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Organic Soil Amendments

By Steve Cramer, Colorado State University Cooperative Extension

Good soil is a pre-requisite for good Gardening. Don't, however, expect soil improvement to occur "overnight." It can take 10 years or longer to build productive Garden soil. If a soil contains too much sand or too much clay, the solution to both is the same -- add organic material.

Organic materials, also known as organic amendments, break apart tight clays and hold water and nutrients in loose sands. Organic materials include compost, peat moss and manures.

To amend soil, add a two-inch layer of organic material over the soil surface. Use four cubic yards of organic material per 1,000 square feet of Garden area. Rototill or spade the material in thoroughly to a depth of 4 to 6 inches. When growing vegetables and annual flowers, you have the opportunity to add amendments every year. With perennial plants, such as trees and shrubs, you have only one chance to amend the soil and that is at planting time.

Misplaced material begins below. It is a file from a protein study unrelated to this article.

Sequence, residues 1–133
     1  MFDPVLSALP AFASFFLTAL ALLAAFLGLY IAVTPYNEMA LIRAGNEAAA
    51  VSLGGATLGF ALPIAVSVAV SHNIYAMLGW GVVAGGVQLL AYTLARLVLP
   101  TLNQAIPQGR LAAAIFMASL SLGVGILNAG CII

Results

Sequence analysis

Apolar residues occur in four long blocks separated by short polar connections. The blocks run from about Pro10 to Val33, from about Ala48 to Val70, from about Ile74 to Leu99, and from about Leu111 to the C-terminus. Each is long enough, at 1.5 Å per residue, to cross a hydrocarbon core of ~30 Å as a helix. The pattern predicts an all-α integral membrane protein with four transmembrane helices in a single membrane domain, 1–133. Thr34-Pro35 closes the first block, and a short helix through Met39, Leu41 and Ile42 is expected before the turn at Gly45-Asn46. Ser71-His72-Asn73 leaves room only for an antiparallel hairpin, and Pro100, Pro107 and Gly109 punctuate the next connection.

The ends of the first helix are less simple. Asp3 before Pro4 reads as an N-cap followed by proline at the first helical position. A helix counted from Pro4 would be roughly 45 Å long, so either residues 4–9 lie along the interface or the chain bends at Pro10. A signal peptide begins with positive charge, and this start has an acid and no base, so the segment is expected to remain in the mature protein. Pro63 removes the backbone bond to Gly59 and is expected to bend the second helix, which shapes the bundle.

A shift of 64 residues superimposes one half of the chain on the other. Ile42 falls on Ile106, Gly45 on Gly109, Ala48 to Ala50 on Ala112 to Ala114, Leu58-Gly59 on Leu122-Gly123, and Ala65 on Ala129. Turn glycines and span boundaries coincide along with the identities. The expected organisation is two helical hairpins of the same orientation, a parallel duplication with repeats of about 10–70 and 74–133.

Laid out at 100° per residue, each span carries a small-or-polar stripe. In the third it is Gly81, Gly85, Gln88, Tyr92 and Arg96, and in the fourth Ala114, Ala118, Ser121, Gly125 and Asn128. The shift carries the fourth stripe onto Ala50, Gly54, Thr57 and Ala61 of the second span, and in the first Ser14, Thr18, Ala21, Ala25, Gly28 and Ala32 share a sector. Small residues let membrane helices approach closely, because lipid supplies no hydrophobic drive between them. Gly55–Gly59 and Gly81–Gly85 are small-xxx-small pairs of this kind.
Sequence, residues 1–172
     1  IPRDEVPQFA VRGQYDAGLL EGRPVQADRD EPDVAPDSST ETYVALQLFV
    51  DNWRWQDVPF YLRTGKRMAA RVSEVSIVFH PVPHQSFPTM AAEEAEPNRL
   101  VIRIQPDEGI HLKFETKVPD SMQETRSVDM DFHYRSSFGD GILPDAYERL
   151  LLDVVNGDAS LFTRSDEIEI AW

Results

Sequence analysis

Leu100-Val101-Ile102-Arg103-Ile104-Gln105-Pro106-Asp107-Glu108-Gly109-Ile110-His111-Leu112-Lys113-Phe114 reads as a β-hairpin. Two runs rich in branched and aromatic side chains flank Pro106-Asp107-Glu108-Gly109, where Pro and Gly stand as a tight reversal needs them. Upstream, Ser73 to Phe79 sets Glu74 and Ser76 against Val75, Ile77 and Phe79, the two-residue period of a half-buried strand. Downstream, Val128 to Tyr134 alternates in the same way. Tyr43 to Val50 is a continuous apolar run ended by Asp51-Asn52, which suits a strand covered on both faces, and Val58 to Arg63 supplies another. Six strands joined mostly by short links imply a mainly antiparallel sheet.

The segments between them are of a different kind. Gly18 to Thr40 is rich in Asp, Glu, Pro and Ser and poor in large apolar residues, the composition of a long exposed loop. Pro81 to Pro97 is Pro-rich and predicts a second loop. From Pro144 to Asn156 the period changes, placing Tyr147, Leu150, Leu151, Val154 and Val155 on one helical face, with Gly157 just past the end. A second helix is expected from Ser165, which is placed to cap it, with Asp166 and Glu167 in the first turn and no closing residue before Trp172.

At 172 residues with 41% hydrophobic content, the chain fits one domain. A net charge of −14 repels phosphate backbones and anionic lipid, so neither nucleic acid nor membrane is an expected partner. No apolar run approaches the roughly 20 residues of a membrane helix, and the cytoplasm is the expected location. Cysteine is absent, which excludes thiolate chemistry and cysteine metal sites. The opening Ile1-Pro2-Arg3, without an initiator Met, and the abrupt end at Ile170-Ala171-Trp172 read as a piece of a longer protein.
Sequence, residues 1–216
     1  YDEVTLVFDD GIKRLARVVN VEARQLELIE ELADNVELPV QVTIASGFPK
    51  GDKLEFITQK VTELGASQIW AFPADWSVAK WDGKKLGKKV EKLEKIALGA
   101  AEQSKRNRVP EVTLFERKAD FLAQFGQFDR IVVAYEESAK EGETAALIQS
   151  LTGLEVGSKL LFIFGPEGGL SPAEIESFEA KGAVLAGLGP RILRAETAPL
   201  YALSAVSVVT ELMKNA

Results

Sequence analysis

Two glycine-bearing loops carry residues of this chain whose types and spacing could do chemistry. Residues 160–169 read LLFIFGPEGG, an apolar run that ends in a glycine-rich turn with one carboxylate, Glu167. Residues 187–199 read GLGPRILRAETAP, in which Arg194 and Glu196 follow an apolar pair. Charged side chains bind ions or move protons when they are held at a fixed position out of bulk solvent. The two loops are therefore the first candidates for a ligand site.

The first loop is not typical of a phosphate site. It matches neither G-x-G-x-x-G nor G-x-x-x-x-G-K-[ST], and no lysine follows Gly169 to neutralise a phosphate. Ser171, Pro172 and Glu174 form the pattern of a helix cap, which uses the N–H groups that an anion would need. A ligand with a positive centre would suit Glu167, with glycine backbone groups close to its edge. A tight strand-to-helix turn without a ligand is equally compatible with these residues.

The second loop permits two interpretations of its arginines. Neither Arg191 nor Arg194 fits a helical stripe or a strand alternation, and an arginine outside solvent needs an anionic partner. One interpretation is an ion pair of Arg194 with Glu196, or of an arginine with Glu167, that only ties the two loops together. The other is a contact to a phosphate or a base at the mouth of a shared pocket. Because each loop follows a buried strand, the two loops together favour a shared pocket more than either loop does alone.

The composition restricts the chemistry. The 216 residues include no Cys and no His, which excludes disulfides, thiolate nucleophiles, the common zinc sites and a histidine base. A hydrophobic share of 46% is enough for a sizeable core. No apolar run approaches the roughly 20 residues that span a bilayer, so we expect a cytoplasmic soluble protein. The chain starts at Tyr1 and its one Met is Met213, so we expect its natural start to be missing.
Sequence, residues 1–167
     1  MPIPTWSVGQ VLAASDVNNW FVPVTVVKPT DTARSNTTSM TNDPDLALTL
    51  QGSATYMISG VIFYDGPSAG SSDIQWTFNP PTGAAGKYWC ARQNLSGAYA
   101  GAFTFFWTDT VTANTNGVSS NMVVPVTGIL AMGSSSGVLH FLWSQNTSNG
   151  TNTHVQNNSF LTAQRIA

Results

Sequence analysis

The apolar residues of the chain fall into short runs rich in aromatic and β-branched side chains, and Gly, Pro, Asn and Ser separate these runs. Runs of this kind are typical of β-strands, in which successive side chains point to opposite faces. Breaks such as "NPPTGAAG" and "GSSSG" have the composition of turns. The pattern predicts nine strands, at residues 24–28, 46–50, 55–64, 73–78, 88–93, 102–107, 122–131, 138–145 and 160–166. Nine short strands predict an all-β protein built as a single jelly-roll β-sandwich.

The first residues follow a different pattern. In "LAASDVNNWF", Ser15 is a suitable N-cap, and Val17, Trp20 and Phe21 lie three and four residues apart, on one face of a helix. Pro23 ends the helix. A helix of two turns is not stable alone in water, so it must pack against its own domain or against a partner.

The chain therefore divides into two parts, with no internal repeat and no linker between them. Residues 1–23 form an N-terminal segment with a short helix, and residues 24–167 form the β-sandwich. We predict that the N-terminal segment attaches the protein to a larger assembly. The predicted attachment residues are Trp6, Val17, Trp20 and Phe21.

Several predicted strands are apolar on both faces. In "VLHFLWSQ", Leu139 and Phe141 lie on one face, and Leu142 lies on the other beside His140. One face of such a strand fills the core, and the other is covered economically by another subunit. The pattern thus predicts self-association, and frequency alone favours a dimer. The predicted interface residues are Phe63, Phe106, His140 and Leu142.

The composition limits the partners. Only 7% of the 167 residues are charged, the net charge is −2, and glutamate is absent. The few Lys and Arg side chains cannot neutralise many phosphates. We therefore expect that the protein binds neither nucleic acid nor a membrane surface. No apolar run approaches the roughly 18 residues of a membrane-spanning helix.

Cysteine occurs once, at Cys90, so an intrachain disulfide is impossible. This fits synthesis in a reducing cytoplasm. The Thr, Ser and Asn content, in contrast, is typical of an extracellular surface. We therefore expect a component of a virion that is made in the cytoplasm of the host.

The best organic amendments are coarse materials. Fibrous sphagnum peats are good, but more expensive than compost or manure. Don't use dusty, fine peats that clog soil drainage. Native Colorado mountain peat generally is inferior as a soil amendment; in addition, its harvest destroys mountain wetlands and stream systems. The best peats come from the northern states and Canada.

Manures should be aged for at least one year and composted if being used on fruit and vegetable Crops. Fresh manure is too high in ammonia and burns plant roots. Avoid feedlot manures, which typically are high in salts. Dairy cattle manure generally is a better quality, but you also can use poultry manures. Some manures can carry weed seeds, spreading their growth.

Compost may be the best organic amendment. It can be purchased or made at home by recycling yard prunings and clippings. Compost promotes microbiological activity in soils necessary for plant growth.

Photograph by Judy Sedbrook.

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Date last revised: 01/05/2010